You can claim a deduction for membership fees for your relevant players' or professional association you pay. If the amount you paid is shown on your income statement or payment summary, you can use it to prove your claim.

    See also:

    Repairs to tools and equipment

    You can claim a deduction for repairs to tools and equipment you use for work. If you also use them for private purposes, you can only claim the work-related portion.

    Self-education and study expenses

    You can claim a deduction for self-education and study expenses if it's directly related to your current employment as a professional sportsperson and it:

    • maintains or improves the skills and knowledge you need for your current duties
    • results in or is likely to result in an increase in your income from your current employment.

    You can't claim a deduction if the self-education or study:

    • doesn't have a connection with your current employment or
    • only relates in a general way to your current employment or profession
    • enables you to get employment or change employment

    Self-education expenses include fees, travel expenses (for example, attending a lecture interstate), transport costs, books and equipment. You usually have to reduce your self-education expenses by $250 – that is, the first $250 of expenses for self-education aren't deductible.

    See also:

    Self-education and study and training support loans

    You can't claim the repayment of loans you receive to help pay for your self-education or study expenses. This includes:

    • Higher Education Loan Program (HELP) loans
    • VET Student Loans (VSL)
    • Student Financial Supplement Scheme (SFSS)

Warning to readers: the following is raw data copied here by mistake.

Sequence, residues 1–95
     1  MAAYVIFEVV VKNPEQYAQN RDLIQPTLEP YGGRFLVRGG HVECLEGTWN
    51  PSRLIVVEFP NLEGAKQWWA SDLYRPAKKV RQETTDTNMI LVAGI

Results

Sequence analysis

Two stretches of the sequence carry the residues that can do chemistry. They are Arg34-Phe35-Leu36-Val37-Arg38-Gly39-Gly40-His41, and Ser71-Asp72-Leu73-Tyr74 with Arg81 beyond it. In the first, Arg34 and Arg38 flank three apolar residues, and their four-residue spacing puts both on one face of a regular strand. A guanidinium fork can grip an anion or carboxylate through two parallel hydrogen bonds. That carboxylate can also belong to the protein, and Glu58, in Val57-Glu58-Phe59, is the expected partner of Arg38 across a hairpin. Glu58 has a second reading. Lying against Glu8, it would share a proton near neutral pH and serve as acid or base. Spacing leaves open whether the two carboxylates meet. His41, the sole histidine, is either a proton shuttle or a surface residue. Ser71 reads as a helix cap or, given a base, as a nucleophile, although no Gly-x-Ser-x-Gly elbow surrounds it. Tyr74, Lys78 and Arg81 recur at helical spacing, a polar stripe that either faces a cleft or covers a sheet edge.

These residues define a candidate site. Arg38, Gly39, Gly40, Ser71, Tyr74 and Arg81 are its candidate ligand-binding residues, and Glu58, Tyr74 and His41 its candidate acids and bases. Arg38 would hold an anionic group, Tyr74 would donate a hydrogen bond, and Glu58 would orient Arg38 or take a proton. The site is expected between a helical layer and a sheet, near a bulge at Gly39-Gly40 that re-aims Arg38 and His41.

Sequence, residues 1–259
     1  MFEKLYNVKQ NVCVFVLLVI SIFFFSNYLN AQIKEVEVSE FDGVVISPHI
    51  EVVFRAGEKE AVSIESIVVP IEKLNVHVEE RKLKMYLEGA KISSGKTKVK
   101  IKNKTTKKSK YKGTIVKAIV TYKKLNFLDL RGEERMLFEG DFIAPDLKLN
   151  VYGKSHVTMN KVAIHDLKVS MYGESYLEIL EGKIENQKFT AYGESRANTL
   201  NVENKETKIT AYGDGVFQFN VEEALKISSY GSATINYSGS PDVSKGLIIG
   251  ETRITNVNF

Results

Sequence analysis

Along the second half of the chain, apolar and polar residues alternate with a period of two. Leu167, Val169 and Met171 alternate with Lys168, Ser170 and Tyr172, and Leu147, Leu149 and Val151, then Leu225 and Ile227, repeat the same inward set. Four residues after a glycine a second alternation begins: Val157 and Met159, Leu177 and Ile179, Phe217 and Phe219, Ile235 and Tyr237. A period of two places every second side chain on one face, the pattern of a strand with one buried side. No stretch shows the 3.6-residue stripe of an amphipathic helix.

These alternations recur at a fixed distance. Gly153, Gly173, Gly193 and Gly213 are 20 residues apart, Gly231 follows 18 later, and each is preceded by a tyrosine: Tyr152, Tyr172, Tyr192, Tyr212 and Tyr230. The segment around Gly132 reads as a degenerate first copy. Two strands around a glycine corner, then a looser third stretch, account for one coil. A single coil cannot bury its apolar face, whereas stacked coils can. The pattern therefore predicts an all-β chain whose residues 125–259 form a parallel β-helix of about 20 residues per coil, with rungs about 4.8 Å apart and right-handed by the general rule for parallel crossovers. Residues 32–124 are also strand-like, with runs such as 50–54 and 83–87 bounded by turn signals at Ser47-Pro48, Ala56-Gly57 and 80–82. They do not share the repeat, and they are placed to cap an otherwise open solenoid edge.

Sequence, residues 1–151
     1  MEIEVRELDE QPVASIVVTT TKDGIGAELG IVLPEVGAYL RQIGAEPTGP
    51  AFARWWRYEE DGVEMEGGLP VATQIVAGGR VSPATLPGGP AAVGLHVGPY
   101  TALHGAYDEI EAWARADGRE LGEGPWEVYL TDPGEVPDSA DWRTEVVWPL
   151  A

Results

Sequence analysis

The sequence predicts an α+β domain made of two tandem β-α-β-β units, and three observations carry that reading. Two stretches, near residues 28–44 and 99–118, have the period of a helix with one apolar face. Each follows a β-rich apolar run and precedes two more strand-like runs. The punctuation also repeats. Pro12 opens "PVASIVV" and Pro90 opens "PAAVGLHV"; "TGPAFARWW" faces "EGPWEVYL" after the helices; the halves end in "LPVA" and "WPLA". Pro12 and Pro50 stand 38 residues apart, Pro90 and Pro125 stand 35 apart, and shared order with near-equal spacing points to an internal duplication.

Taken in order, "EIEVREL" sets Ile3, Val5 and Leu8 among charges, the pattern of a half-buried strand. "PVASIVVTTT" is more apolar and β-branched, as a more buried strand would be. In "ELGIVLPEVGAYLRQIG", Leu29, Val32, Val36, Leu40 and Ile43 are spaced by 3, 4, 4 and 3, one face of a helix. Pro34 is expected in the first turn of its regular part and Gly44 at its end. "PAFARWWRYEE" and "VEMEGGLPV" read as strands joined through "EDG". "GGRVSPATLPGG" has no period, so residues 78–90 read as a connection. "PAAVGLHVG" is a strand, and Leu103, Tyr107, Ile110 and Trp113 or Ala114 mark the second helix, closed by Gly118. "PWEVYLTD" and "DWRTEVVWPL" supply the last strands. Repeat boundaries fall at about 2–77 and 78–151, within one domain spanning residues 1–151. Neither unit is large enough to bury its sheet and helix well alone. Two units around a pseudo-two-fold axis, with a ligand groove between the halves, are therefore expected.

• Student Start-up Loan (SSL)
    • Trade Support Loan (TSL) Program

    You may be able to claim a deduction for course or tuition fees where the self-education expenses are directly related to your current employment as a professional sportsperson.

    See also:

    Seminars, conferences and training courses

    You can claim for the cost of seminars, conferences and training courses that relate to your work as a professional sportsperson.

    Example: When you can claim a deduction for a training course

    Sally plays professional rugby union for a national team. Sally’s club (her employer) encourages all of their players to attend an annual specialised training course on physical endurance and nutrition. The training course is run locally and costs $2,000 to attend. The club doesn’t pay for or reimburse their players the cost to attend.

    The course has a direct connection to Sally’s income-producing activities and will help her maintain a specific set of skills or knowledge for her role.

    Sally can claim a deduction for the cost to attend the training course

    End of example


    Example: When you can’t claim a deduction for a training course

    Jamie is a professional soccer player nearing the end of his career. He would like to transfer into a coaching role once he finishes playing professionally. Jamie decides to start attending coaching seminars and training courses to build his skills and knowledge.

    Jamie can't claim a work-related deduction for attending such events as they don’t directly relate to his current income producing activities.

    End of example

    Sunglasses, sunhats and sunscreens

    You can claim a deduction for the cost of sunglasses, sunhats and sunscreen lotions if you're required to work in the sun and use these items to protect yourself while at work.

    For more professional sportsperson expenses, see:

      Last modified: 13 Feb 2020QC 36159